Everything that comprises a class is associated with an access modifier that determines the scope or visibility of the entity in question. This is where the art of object design lies. Beyond the semantics of declaring member data and methods, an understanding of these access modifiers is crucial. Each modifier has a few basic guidelines geared toward designing robust, object-oriented code. Figure 3-2 shows the relationships between the four basic modifiers: Public, Private, Protected, and Friend.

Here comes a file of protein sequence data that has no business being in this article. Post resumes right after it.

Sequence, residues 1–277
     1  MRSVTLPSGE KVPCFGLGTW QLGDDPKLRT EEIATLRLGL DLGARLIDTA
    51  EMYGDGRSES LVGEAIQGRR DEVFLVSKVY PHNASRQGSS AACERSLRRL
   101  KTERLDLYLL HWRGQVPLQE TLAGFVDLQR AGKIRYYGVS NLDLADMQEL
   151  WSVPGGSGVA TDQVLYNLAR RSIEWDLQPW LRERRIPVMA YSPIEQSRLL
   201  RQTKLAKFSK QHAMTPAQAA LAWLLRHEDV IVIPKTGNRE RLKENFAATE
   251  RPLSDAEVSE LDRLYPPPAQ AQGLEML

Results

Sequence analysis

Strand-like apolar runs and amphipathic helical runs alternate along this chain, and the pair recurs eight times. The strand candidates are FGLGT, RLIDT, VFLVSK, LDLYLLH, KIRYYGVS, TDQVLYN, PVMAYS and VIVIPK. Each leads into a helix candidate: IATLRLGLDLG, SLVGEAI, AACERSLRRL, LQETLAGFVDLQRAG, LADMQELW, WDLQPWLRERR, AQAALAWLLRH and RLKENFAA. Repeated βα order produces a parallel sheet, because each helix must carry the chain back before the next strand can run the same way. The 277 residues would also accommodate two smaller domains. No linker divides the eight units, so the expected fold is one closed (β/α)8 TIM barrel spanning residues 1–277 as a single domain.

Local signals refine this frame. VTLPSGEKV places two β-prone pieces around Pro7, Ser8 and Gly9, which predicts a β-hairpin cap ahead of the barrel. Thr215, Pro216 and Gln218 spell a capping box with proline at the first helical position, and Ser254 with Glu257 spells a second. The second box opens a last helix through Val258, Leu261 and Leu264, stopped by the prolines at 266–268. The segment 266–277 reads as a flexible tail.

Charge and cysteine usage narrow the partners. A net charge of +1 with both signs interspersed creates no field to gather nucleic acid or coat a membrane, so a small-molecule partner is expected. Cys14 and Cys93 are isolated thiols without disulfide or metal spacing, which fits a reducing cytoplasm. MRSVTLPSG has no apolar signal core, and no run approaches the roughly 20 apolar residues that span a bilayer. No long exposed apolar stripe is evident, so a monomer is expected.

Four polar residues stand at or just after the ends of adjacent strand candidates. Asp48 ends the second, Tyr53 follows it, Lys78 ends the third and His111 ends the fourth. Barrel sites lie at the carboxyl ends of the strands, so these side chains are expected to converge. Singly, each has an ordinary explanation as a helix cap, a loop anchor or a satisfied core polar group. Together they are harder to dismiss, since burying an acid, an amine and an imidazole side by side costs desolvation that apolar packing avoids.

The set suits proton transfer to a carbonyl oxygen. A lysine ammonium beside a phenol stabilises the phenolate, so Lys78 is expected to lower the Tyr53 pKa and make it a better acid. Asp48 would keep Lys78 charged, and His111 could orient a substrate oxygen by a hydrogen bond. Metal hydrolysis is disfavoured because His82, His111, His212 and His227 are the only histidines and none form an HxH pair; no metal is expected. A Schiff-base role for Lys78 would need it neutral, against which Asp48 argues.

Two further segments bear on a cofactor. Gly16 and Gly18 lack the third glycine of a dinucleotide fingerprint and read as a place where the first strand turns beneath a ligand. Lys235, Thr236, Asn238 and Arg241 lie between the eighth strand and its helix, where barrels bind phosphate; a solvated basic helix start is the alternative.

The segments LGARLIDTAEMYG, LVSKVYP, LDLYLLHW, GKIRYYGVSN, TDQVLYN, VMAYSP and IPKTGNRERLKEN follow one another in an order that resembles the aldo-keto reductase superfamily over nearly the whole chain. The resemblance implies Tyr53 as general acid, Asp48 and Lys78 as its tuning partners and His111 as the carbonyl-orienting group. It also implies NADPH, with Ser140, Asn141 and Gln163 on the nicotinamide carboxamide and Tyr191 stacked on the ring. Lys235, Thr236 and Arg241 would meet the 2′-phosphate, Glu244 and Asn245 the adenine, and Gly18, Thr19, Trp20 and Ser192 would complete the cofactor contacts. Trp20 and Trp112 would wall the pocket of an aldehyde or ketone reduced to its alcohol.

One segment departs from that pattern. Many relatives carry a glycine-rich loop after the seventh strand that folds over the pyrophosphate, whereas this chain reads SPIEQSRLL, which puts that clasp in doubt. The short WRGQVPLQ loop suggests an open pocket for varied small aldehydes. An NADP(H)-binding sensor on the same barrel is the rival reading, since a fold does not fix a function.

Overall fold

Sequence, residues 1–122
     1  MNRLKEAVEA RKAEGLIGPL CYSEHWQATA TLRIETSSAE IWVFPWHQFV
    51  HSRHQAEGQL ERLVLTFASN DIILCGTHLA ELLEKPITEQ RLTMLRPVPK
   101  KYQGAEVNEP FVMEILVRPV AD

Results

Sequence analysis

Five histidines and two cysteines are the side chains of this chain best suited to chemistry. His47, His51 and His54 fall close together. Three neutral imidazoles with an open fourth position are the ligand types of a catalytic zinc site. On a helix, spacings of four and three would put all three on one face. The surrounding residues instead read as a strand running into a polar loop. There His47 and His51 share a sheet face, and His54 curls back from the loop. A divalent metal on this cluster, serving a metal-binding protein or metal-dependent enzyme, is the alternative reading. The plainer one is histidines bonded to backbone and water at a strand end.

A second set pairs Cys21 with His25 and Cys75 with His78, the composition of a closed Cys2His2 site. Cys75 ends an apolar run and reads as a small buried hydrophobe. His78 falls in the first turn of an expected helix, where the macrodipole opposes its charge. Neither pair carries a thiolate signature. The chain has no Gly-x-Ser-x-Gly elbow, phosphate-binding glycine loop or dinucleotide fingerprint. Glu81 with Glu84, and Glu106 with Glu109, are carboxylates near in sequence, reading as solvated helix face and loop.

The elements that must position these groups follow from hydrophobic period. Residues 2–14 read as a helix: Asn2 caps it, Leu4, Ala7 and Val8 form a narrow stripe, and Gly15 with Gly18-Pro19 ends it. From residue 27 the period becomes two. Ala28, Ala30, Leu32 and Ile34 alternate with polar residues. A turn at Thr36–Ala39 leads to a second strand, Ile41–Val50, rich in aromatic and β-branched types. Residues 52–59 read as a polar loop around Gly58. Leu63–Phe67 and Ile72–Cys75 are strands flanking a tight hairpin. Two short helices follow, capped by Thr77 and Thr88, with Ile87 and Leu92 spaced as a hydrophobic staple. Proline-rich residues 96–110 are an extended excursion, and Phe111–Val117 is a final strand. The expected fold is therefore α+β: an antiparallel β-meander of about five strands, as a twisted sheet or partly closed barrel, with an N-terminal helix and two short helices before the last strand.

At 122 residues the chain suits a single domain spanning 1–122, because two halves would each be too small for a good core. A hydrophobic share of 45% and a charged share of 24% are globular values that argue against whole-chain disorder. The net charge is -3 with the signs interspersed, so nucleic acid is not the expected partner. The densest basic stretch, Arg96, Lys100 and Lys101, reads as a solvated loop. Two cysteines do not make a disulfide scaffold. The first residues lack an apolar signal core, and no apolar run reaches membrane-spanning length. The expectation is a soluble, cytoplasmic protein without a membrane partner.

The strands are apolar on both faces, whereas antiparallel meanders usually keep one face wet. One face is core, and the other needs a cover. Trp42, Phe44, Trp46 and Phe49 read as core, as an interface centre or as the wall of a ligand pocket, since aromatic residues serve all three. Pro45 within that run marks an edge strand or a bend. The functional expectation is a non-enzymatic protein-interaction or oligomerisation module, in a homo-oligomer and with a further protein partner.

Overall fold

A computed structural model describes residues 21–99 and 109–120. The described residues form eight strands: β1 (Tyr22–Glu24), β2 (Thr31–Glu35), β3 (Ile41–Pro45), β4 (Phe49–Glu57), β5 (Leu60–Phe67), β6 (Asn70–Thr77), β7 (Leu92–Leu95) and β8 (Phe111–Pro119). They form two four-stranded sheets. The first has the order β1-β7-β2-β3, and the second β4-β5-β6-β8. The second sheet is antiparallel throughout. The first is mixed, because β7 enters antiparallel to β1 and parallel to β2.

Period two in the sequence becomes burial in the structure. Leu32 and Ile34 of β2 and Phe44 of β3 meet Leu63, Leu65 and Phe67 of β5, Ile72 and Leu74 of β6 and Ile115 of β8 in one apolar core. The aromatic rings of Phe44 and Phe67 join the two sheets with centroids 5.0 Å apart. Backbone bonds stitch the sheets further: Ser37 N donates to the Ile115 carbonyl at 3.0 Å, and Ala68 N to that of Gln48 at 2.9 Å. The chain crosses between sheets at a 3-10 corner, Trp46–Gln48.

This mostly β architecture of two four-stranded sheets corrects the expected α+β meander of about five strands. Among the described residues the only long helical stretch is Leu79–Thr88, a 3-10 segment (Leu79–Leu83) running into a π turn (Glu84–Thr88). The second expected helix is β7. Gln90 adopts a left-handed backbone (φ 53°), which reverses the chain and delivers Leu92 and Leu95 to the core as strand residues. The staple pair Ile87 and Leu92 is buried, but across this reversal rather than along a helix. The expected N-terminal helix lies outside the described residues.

Public classes are visible to everyone and not restricted in any way. Public members are visible inside and outside the class in which they were declared.
Member variables are not typically defined with public scope because this definition would allow unrestricted access to an object's state. In solid OO designs, member variables are kept private.
Private classes can only be nested within another class and are completely restricted outside of that scope; it is not possible to declare a standalone class with this modifier. Private classes encapsulate functionality that is specific to the class where they were declared.
Private member variables are accessible only within the current class where they were declared. Even derived classes do not have access to Private members; they can be accessed through ...